Inauguration

I have been wrestling with myself as to whether or not to write this post. It’s a very difficult topic for me and involves memories that are shameful. I don’t like to talk about this, because part of me never wanted to let them know they got to me… that they hurt me… but they did.

Every woman wants to have been the cheerleader, homecoming queen, the popular girl with lots of boyfriends. Nobody wants to admit to being the goat – the one targeted and bullied, who spent their school years isolated and ostracized. Yet, if I’m telling my story truthfully, I was the later. Smart, introverted, overweight, and from a family thought of as a bunch of goody-two-shoes, I was the perfect target, and even those who didn’t actively participate, did nothing to defend me, because as long as the bullies were pointed at me, they were safe.  At a time when a child is trying to understand who they are and how they fit into the world, I got a very clear message. The answer to those questions were, 1) you are unlikable and 2) you fit in nowhere. That was the concrete that got poured into my foundation.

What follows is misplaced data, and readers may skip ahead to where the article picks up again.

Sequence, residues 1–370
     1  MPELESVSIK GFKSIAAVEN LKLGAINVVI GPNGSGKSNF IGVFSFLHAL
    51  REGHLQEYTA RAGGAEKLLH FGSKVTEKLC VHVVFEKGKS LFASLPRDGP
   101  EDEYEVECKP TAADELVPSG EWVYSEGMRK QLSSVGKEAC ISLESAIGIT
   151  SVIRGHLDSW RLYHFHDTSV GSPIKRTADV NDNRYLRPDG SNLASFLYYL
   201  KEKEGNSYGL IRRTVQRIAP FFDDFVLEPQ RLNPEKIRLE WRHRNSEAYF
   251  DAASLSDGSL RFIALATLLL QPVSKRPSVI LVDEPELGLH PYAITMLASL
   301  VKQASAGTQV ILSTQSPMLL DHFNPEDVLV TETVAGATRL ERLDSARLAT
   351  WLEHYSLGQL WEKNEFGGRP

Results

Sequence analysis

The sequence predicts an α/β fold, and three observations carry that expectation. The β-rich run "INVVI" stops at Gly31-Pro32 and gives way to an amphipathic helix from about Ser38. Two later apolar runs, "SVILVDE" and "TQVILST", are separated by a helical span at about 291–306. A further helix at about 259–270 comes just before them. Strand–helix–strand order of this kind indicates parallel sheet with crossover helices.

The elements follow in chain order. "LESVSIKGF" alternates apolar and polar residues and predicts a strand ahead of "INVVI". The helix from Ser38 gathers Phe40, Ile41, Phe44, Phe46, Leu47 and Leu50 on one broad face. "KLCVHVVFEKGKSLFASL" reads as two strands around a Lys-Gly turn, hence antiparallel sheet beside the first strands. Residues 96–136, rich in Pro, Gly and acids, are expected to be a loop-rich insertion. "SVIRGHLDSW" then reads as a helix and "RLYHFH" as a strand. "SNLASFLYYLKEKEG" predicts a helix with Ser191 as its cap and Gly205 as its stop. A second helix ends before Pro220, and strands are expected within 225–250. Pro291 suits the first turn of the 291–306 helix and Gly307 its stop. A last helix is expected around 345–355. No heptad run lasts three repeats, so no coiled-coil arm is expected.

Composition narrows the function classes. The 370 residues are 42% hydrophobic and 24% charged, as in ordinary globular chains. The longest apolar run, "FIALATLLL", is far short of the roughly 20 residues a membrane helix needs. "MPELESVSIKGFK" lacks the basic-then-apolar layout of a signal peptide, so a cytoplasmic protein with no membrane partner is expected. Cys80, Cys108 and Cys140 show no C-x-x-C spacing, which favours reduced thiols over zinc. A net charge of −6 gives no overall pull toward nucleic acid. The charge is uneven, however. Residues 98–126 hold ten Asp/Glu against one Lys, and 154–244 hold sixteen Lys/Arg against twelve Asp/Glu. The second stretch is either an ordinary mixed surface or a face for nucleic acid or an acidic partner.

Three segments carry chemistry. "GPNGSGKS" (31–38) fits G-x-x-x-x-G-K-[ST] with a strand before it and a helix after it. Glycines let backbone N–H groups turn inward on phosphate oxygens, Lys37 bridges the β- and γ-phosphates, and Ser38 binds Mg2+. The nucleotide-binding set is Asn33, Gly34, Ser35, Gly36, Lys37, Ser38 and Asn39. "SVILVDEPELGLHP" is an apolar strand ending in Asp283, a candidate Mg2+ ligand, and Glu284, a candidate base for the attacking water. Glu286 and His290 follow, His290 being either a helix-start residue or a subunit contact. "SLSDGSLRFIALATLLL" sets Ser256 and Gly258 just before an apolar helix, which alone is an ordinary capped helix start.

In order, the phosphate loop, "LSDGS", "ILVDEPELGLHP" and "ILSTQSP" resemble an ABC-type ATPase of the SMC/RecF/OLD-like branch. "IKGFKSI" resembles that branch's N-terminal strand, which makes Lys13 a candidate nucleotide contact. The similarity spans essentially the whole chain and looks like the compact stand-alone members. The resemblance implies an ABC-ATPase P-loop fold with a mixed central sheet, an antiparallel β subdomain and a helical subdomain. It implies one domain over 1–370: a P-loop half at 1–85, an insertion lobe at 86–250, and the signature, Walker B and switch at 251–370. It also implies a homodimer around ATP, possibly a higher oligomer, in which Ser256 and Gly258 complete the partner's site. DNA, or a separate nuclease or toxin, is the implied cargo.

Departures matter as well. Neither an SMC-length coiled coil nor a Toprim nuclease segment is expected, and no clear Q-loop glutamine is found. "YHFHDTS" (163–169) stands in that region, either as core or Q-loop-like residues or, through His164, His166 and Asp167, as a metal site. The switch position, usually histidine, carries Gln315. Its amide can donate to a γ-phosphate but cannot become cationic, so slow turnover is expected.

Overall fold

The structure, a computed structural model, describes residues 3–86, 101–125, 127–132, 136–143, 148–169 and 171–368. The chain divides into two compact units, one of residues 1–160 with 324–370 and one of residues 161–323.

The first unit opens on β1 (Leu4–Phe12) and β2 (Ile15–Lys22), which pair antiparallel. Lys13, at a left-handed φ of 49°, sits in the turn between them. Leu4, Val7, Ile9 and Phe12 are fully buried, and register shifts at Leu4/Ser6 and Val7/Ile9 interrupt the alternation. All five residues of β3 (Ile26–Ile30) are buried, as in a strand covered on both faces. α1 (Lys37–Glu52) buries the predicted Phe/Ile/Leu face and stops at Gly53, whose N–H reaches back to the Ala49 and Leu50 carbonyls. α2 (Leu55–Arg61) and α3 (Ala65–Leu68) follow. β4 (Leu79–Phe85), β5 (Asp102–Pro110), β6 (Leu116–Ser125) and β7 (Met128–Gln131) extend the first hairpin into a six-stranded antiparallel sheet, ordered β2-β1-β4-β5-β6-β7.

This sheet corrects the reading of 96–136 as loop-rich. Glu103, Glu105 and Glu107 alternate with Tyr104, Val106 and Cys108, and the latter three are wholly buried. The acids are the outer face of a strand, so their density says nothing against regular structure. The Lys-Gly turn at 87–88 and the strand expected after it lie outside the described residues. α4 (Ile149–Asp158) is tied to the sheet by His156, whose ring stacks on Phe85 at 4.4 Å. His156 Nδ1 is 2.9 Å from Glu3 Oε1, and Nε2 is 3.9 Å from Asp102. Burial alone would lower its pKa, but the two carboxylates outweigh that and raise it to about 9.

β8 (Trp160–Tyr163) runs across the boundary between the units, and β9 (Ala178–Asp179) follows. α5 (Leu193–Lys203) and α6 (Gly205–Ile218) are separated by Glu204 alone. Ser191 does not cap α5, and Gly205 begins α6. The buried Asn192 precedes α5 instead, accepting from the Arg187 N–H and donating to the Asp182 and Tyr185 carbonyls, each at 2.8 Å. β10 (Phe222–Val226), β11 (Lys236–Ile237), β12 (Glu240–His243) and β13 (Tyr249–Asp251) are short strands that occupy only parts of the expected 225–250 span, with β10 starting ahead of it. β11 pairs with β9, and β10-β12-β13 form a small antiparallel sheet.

In the midst of all those years of utter hell and the destruction of my self worth, there was one bully that stood out. He had issues with my older brother, but obviously found me to be a far easier target. He went out of his way to make my life miserable on a regular basis. One day he grabbed me by the collar and shoved me up against the bleachers, accusing me of snitching to my parents. This was a 17 year old boy, shoving a 14 year old girl up against the bleachers. I had no idea what he was talking about and eventually he believed me, but he threatened me with violence if he found out differently. Despite the gym being full of people on lunch hour, not one person stepped in to help.